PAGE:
The Men Who Built A Waterfall - Waterfall Glen


A few days ago, I posted about seeing an Indigo Bunting male bird in a splendid blue coat down at Waterfall Glen.  During the COVID-19 pandemic, we've tried to find time to get down to Waterfall Glen to go walking with the kids as well as dodging the crowds.  When we first went down there, they had the waterfall itself blocked off - in an attempt to keep from crowds gathering.  That was as recent as back in June.

There's now a category tag for [Waterfall Glen] here on the blog that hosts all the posts.

The photo at the top of this post is now the second post featuring a Waterfall Glen sign.  One on of our previous walks, I came across this Oak Tree identification sign and posted about it in June, too.

This sign talks about the waterfall and the "men who built it" and mentions that between 1934 and 1938, a company of men from the Civilian Conservation Corps - as part of the New Deal - were stationed up in Hinsdale at Fullersburg Woods.  It was those guys who worked at Rocky Glen (Now named Waterfall Glen) and built the waterfall.

That little nugget on this sign sent me down a reading rabbit hole.  Found out that the name of the place "Waterfall Glen" isn't named for the actual falls that the CCC men built.  Nope.  It was named after a dude named Waterfall.  For real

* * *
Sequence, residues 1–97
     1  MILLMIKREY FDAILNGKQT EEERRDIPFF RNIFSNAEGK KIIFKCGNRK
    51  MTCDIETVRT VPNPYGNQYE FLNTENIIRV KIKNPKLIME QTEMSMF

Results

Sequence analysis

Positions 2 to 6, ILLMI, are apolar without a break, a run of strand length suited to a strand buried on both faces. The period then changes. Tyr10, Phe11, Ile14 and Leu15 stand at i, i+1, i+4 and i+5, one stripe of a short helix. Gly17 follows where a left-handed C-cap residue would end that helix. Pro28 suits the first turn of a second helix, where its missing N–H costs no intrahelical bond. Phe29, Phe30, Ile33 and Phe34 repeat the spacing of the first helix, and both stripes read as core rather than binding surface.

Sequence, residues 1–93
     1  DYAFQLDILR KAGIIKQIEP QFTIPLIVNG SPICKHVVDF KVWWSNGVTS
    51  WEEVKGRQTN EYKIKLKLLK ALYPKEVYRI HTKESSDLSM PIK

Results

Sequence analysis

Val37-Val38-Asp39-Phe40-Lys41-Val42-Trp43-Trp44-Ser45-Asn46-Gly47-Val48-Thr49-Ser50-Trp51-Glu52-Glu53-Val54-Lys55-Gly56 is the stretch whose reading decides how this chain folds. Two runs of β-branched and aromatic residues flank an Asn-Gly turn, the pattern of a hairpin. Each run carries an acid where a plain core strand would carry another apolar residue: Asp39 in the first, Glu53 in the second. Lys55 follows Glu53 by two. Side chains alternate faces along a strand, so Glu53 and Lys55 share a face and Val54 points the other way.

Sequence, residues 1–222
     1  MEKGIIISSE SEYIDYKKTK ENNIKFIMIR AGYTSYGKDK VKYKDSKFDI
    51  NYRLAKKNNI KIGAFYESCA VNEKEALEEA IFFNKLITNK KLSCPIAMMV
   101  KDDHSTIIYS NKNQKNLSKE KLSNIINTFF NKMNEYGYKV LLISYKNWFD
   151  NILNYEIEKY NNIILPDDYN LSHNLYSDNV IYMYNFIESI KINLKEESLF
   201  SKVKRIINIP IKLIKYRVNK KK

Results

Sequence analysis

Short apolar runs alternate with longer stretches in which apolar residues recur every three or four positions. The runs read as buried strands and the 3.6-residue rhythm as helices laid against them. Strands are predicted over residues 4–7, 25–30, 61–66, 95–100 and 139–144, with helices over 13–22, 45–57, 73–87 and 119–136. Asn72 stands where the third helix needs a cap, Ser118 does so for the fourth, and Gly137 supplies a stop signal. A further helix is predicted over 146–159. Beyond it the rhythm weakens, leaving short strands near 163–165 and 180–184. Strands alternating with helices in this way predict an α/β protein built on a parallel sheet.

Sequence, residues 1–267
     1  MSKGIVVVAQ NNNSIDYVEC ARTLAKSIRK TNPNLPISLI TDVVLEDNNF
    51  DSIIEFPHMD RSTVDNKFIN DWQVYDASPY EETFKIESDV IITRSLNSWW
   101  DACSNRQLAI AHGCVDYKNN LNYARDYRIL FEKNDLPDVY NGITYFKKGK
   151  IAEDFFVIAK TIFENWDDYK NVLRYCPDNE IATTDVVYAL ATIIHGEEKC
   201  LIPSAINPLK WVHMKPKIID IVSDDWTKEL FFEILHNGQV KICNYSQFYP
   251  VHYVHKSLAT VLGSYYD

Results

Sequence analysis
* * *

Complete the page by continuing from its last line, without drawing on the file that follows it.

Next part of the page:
In 1925, the Forest Preserve District purchased its first 75 acres at Waterfall Glen, the Signal Hill and Rocky Glen areas. Rocky Glen soon became the site of the preserve’s well-known tiered falls, which the Civilian Conservation Corps built in the 1930s. In 1973, the preserve got its single largest addition — more than 2,200 acres of surplus land from the U.S. Bureau of Outdoor Recreation. That same year, the District named the site Waterfall Glen Forest Preserve, not after the familiar falls but in honor of Seymour “Bud” Waterfall, an early president of the District’s Board of Commissioners.
Neat story.

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